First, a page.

The family Sciaenidae in the order Perciformes is widely distributed throughout the world with approximately 70 genera and 300 species (Nelson 2006). The coastal area of China is one of the main distribution areas, which possesses about 30 species in 17 genera (Zhu et al. 1963). A member of this family, Johnius grypotus, is widely distributed along the China’s coastal sea, which lives in water areas with rocks or mud materials on bottom and never performs a habit of long distance migration (Zhu et al. 1963; Sasaki 1991). It is the tropical fish, which feeds on shrimps, shellfish, crabs, and small fish living in the bottom of the sea (Guo et al., 2017). The breeding season of J. grypotus is from June to September with planktonic larvae (Wang et al., 2012), and the duration of larval phase is about 30 days according to closely related species (Lei et al., 1981; Zhan et al., 2016). In the present study, mitochondrial control region sequences were used to investigate the phylogeography and population structure of J. grypotus that inhabits the coastal waters of the Bohai Sea, the Yellow Sea, and the East China Sea.

Materials and methods

Sample collection and DNA extration

The specimens of J. grypotus were collected at seven locations from the Bohai Sea (DY, YT), the Yellow Sea (NYS, QD, HZB, SH) and the East China Sea (ZS) during 2005 to 2011 (Table 1, Fig. 1). Muscle tissues were preserved in 95% ethanol. Tissue samples were digested for two or three hours at 55°C in 200 μl extraction buffer containing 20 μl proteinase K. Genomic DNA was extracted following a standard phenol-chloroform method.

Figure 1. 

Sampling sites of J. grypotus

Sample information and genetic diversity index of J. grypotus

Population Sample
No. of polymorphic sites (S) No. of
diversity (h)
diversity (π)
Mean number of
pairwise differences (k)
North NYS 2007.11 15 4 8 0.9048±0.1005 0.0036±0.0024 2.0190±1.2023
Yellow Sea
Dongying DY 2010.10 24 15 11 0.8478±0.0633 0.0041±0.0026 2.2536±1.2847
Yantai YT 2007.11 23 13 13 0.8775±0.0607 0.0040±0.0025 2.2055±1.2641
Qingdao QD 2009.07 22 17 13 0.8918±0.0550 0.0043±0.0027 2.3891±1.355
Haizhou Bay HZB 2011.07 22 25 17 0.9740±0.0542 0.0067±0.0052 3.7186±1.9519
Shanghai SH 2005.10 23 6 9 0.865+-9±0.0284 0.0030±0.0061 1.660±1.0126
Zhoushan ZS 2009.05 8 4 4 0.7500±0.1391 0.0024±0.0019 1.3571±0.9330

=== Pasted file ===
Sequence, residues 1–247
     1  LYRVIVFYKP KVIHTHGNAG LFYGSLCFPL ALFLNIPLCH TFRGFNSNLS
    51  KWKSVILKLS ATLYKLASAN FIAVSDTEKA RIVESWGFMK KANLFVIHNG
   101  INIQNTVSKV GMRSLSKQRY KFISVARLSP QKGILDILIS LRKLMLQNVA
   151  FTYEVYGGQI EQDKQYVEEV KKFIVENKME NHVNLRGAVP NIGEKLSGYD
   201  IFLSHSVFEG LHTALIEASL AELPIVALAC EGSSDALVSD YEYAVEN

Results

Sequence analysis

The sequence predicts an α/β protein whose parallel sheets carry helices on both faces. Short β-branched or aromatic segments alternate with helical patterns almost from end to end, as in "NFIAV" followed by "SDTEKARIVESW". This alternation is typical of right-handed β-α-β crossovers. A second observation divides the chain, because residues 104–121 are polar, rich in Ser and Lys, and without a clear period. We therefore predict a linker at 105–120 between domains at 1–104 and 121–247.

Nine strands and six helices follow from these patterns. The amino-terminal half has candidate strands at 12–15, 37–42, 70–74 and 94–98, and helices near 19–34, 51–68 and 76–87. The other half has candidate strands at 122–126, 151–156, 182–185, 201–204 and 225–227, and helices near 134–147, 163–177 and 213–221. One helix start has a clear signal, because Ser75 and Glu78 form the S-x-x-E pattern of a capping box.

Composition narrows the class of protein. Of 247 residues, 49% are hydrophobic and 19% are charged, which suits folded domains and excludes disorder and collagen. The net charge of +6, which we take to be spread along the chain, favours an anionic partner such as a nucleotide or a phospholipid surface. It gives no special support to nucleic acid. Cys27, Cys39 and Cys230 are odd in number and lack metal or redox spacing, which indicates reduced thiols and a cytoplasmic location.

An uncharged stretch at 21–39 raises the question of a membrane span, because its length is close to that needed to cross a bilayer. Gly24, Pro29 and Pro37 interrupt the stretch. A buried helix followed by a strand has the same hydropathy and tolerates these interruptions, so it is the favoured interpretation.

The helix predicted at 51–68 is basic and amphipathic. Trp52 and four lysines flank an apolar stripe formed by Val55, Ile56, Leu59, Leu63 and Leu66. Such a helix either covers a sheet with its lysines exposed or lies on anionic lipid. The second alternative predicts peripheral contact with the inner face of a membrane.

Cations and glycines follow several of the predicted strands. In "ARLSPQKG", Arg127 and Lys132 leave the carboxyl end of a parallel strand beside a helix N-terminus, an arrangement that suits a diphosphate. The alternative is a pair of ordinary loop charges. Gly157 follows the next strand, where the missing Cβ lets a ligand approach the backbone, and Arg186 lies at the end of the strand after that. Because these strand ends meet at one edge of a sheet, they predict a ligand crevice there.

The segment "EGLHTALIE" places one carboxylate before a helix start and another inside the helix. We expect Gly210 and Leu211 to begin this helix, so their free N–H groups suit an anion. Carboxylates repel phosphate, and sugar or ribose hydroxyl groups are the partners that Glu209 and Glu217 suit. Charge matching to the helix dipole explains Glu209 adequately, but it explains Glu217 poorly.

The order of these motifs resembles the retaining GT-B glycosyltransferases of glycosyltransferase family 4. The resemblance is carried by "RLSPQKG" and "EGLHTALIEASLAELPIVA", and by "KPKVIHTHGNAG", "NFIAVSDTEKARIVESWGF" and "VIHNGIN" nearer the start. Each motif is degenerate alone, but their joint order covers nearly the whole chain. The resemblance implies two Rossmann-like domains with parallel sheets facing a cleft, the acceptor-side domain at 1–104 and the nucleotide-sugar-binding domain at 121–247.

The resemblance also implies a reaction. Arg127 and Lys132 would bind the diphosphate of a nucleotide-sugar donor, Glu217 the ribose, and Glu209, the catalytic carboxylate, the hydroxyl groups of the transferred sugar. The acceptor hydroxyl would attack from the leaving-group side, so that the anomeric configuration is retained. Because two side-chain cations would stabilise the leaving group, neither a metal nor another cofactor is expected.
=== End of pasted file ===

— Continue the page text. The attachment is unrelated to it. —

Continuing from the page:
Total / / 114 57 60 0.9650±0.0094 0.0047±0.0028 2.6267±1.4120

DNA amplification and sequencing

The first hypervariable segment of control region was amplified via polymerase chain reaction (PCR) with universal primers of DL-S, 5’-CCCACCACTAACTCCCAAAGC-3’(forward), and DL-M, 5’-GCAACGTTCATATTCTCGGAGGC-3’(reverse). Reactions consisted of 10 × PCR buffer, 2.0mM MgCl2, 200μM of each dNTP, 0.3μM of each primer, 0.15 units of Taq DNA Polymerase (TaKaRa), and 1μL template DNA in a final volume of 25μL. PCR reaction was carried out in an Eppendorf thermal cycler with the following conditions: an initial denaturation for 5min at 94°C, followed by 35 cycles of 45s at 94°C, 45s at 50°C and 1min at 72°C, with a final extension at 72°C for 10min. The amplified products were gel separated and purified using the AxyPrep DNA Gel Extraction Kit. Purified products were sequenced using BigDye (Applied Biosystems, ABI) with both forward and reverse primers, and analyzed on the 3730 automated sequencer (ABI).

Data analyses

Sequences were proofread, assembled and aligned using DNASTAR software (DNASTAR Inc., Madison, WI. USA). The 5’end of the control region fragment was extracted from the sequenced products by deleting partial sequences of the tRNAPro gene to prevent any bias in the estimates of sequence parameters from the control region. Molecular diversity indices such as haplotype diversity (h), nucleotide diversity (π), number of polymorphic sites (S), mean number of pairwise differences (k), transversions and transitions were obtained using the program ARLEQUIN Ver. 3.5 (Excoffier and Lischer, 2010).